Also in the Community Engaged Research category, a commendation was given to Dr Grayson Cooke and Dr Jim Hearn from the School of Arts and Social Sciences; Julian Louis from NORPA (Northern Rivers Performing Arts); and Mieke Bell of the Winsome Hotel.

For a three-year creative arts project exploring notions of home, homelessness and belonging in the Northern Rivers.

Community Impact category

Awarded to Alison Slocombe from Library Services; and Dr Wendy Boyd from the School of Education.

For hosting the internationally acclaimed Hundred Languages of Children Exhibition in collaboration with the Reggio Emilia Northern Rivers organisation.

The ‘Hundred Languages of Children’ is an international travelling exhibition that has been telling the story of the Italian-based Reggio Emilia educational approach to thousands of visitors for more than 25 years. The exhibition celebrates children as artists and inventors through a range of photographs, words, paintings and sculptures. The exhibition provided an opportunity for SCU students, children at local primary schools, pre-schools and childcare centres, and educators from early childhood through to higher education in the Region and beyond to engage with a world-renowned display of the Reggio Emilia pedagogical approach.

Leadership category

Awarded to Beth Mozolic-Staunton from the School of Health and Human Sciences.

For delivering innovative opportunities and unique learning experiences for students, providing opportunities for information exchange and promotion of best practice and consistently working to making a difference in the development of quality community partnerships.

Beth Mozolic-Staunton’s approach has contributed to the development and differentiation of the Occupational Therapy program, whilst also making connections across allied health disciplines. Through a collaborative approach, Beth has developed many external partnerships that are committed to her student’s learning outcomes. One partner, Gold Coast Medicare Local, funded a student driven outreach clinic for second and fourth year students. Beth’s understated influence, dedication and positive contribution has made a significant impact on students and the community, whilst inspiring colleagues to consider innovative approaches to community engaged learning.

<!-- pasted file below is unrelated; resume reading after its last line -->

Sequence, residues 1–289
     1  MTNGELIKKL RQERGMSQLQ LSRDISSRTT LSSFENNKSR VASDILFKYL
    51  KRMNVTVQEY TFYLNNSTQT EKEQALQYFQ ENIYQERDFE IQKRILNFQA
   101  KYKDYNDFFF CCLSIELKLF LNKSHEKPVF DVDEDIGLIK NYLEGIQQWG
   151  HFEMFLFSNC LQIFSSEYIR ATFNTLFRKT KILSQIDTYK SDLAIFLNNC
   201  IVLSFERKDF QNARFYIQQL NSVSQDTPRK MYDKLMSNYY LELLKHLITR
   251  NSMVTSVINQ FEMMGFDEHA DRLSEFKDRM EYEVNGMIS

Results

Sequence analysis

Partnership category

Jointly awarded to:

• Arts Northern Rivers: Peter Wood
For facilitating collaborative learning and research in the arts and cultural sectors in the Northern Rivers region of New South Wales, Australia.

Arts Northern Rivers has collaborated in a number of significant academic partnerships with Southern Cross University over the past 12 months across a number of activities all focused on developing the arts and cultural sector in the Northern Rivers. A notable partnership activity was the "Connect" project. Arts Northern Rivers partnered with SCU to conduct research that tracked and evaluated the Connect program whilst also collaboratively developing a model for mentoring and supporting the development of creative arts practitioners. The model represents a mutually beneficial outcome of the partnership that will inform the work of both partners in the future.

• Jason McDonald of Fred’s Place
For instigating complex, wide-ranging and realistic experiential service learning opportunities for numerous SCU School of Arts and Social Science students.

Jason McDonald, the Service Manager of Fred’s Place and a final year SCU Social Science student, has been instrumental in initiating and providing SCU students with real life social welfare professional experiences. Since June 2013, through Jason’s leadership, Fred’s Place (at Tweed Heads) has provided opportunities for approximately 20 SCU students (and 55 students from various other institutions) to experience complex, wide-ranging and realistic experiential service learning opportunities. He has facilitated and personally mentored students to synthesise theory and practice concepts, beginning in Year 1 Session 1 for some of these students, and continuing throughout their University journey. Jason helps students practise and further develop their professional competencies, as well as many SCU graduate attributes, in particular critical thinking, critical self-reflection, professionalism and communication skills.

The awards were presented by the Southern Cross University Vice Chancellor Professor Peter Lee on Friday November 28. The winners were selected from a shortlist of nominees.

Photo: Winners and nominees (back row, L to R) Dr Grayson Cooke, Dr Pascal Scherrer, Mr Jason McDonald from Fred's Place, Mr Peter Wood from Arts Northern Rivers, Dr Jim Hearn, and (front row L to R) Ms Beth Mozolic-Staunton, Dr Wendy Boyd and Hilary Gallagher.